Boswell Regional Center – Then
Today, we traveled back into the early twentieth century, and learned about a man who believed that all people deserve access to healthcare regardless of race, status, or age. We first learned about Dr. Henry Boswell from Gloria Beckett, MPH, a Branch Director II with the Office of Tuberculosis and Refugee Health at the Mississippi State Health Department (MSDH). Dr. Boswell worked tirelessly on providing a holistic approach to treating all people that were diagnosed with tuberculosis. Dr. Boswell, an Alabama native, moved to Mississippi in the early 1900’s where he practiced medicine. Shortly after his move, he contracted tuberculosis. He was treated in El Paso, Texas at a local sanatorium where he was inspired to design a tuberculosis sanatorium to serve Mississippians with the disease. So when he returned to Mississippi in 1916, he went before the state legislature to obtain initial funding for the sanatorium – $8,000. The city of Magee, MS, generously donated 200 acres of land to the cause. A later allocation of $25,000 by the Mississippi legislature allowed further expansions at the site. Dr. Boswell saw his vision come to life as his sanatorium prevented and suppressed the disease by providing a relaxing green space with healthy foods. This facility encompassed a healthy living environment that included a patient residence area, infirmaries, power plants, laundry, a post office and a nurse dormitory. It was a self-sufficient community (at one time named Sanatorium, MS) with a dairy farm and gardens on site. We had the pleasure of touring the sanatorium grounds, guided by Kara Kimbrough, Public Relations at Boswell Regional Center (BRC), were we were able to visit the Mississippi State Sanatorium Museum and tour some of the original buildings that still remain from the early years of the sanatorium.
Because of the innovations of not only Dr. Boswell but the many other physicians and staff that worked at the site, Mississippi saw healthier outcomes for its communities. Reductions in TB diagnoses were seen across Mississippi in the mid-twentieth Century. These reductions were partly due to the work of those at Boswell, and partly because of the implementation of portable treatment units by the department of health that would go out into the communities to find those with TB. The advent of antibiotic treatments made even greater strides in controlling the disease. Even though the sanatorium closed its doors in the 1970s, tuberculosis continues to be a relevant concern in Mississippi. Today’s concerns are multifold and linked to the social determinants of health. Antibiotic resistance is a growing global concern. The MSDH cited a few reasons for this phenomenon including lack of patient compliance, lack of medication adherence, and improper medication dosage. The MSDH also has fewer and fewer resources to devote to the issue. Every year their budgets are reduced even though they are overspending the TB budget by millions of dollars to conduct testing and reach those with TB across the state. Due to lack of resources, the fight towards managing tuberculosis still remains a challenge in the state of Mississippi.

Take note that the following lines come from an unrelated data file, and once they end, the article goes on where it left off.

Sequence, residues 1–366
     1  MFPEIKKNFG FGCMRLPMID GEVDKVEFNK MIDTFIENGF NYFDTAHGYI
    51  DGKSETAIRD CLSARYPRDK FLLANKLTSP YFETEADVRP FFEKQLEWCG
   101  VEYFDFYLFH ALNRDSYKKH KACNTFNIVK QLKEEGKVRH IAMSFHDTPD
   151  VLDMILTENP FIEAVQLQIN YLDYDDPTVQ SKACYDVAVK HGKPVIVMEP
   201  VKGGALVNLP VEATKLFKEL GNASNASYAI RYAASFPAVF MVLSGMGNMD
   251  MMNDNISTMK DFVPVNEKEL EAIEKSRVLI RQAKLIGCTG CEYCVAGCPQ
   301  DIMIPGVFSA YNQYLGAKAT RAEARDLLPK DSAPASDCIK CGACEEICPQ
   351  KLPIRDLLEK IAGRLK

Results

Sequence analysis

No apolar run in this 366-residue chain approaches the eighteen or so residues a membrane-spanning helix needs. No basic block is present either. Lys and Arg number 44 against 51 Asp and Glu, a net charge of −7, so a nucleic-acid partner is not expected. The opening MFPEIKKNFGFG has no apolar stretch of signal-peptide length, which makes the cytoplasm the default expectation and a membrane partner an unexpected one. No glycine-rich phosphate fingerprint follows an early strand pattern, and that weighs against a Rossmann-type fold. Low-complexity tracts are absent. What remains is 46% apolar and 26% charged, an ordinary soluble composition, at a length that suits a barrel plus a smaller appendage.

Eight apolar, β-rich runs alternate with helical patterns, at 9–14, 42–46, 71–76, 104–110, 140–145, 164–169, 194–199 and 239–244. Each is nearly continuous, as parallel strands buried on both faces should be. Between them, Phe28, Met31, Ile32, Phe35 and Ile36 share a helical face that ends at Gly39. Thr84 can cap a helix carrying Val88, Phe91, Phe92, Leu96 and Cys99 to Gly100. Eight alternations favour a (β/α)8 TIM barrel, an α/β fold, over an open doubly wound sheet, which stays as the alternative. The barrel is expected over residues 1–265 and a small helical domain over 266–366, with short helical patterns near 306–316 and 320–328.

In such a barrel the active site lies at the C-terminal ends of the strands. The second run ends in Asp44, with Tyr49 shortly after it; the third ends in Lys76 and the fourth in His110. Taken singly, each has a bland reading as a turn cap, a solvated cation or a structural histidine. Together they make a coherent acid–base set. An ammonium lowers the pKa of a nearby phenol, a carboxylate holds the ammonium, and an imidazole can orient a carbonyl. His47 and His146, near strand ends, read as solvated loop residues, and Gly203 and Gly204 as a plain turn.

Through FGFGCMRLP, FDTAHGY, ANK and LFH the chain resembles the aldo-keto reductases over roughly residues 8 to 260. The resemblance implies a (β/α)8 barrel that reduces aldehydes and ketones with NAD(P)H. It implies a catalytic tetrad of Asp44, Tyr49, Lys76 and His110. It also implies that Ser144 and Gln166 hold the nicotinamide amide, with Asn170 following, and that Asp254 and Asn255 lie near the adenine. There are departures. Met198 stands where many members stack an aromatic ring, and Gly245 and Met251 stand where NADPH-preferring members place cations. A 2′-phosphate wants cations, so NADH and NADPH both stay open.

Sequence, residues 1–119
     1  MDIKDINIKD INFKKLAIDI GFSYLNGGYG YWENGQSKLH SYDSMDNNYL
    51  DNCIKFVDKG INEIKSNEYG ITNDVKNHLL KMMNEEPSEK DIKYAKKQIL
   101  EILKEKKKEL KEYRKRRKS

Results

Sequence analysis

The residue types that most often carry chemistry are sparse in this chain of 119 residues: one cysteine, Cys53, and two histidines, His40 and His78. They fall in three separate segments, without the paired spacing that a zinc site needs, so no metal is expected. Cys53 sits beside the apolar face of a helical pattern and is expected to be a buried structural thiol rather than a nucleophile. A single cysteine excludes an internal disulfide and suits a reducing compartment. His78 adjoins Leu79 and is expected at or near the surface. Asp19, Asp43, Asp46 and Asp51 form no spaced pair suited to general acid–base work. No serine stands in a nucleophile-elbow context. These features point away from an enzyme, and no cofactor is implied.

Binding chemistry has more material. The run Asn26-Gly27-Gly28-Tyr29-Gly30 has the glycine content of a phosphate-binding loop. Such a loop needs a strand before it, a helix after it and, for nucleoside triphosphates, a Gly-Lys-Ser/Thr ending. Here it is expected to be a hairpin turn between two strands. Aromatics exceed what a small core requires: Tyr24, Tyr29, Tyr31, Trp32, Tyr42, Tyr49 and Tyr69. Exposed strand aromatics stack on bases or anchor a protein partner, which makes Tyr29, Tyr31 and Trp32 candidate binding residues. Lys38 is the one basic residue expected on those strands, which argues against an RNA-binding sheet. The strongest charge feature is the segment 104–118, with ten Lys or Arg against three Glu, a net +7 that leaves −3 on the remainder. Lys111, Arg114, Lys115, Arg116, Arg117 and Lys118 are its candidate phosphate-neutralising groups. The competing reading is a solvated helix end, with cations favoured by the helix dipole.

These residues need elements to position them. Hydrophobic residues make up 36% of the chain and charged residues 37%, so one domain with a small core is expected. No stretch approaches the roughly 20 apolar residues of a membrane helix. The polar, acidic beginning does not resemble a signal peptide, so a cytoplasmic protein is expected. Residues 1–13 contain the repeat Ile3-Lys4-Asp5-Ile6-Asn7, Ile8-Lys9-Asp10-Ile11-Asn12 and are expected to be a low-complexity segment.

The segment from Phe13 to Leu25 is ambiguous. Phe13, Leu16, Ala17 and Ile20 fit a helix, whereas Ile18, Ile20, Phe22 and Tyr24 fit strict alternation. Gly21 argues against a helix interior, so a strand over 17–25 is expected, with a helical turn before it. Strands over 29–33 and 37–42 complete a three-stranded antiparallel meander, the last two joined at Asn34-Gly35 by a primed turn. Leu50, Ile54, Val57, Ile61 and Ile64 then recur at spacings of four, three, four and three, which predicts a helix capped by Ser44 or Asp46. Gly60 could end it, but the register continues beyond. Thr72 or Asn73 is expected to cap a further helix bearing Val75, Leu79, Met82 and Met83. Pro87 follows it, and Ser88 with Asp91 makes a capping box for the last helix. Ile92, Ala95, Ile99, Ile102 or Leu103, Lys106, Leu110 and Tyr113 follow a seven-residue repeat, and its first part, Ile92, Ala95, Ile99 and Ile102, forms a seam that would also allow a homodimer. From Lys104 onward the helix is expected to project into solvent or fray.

What really surprised us during this visit was that in the 1930’s as part of the mission of the TB Sanatorium, a Preventorium was established in the name of a preventative program for TB in children. What actually was happening during this time of the Great Depression is that children were being dropped off at the gates of the TB Sanatorium because parents could no longer afford to feed their children. The staff at the time knew that this was the right thing to do, and did not turn these children away. Ms. Kimbrough shared that some of these children returned as adults to tour the site and share their stories and experiences with those at the BRC.
Boswell Regional Center – Now
When the TB sanatorium closed in the 1970s, the Mississippi Department of Mental Health acquired the facility and transformed it to the Boswell Regional Center that provides a continuum of care and services for individuals with intellectual and developmental disabilities (IDD). When the center was established, the primary focus was to provide permanent housing services and care for up to 35 people with IDD. Today more than 100 individuals live on campus at the BRC and another 300 individuals who live in the community with varying degrees of assistance and services (i.e. transportation, companion care, community support, living assistance, worker training, enrichment services, job services, etc.) from the BRC. If one were to visit the BRC, one would see the dedication and sense of community that permeates. You can really see how staff are working to help each individual live a more independent and fulfilling life in whatever community they reside.
Mental health stigma continues to be a growing public health issue throughout the United States. The BRC recognizes this and is working tirelessly to combat this in Mississippi. Boswell’s policy is to never reject a patient despite their ability to pay. Improving the quality of life for individuals living with IDD, their families, and their community is at the heart of the BRC’s work to”make dreams a reality one person at a time.”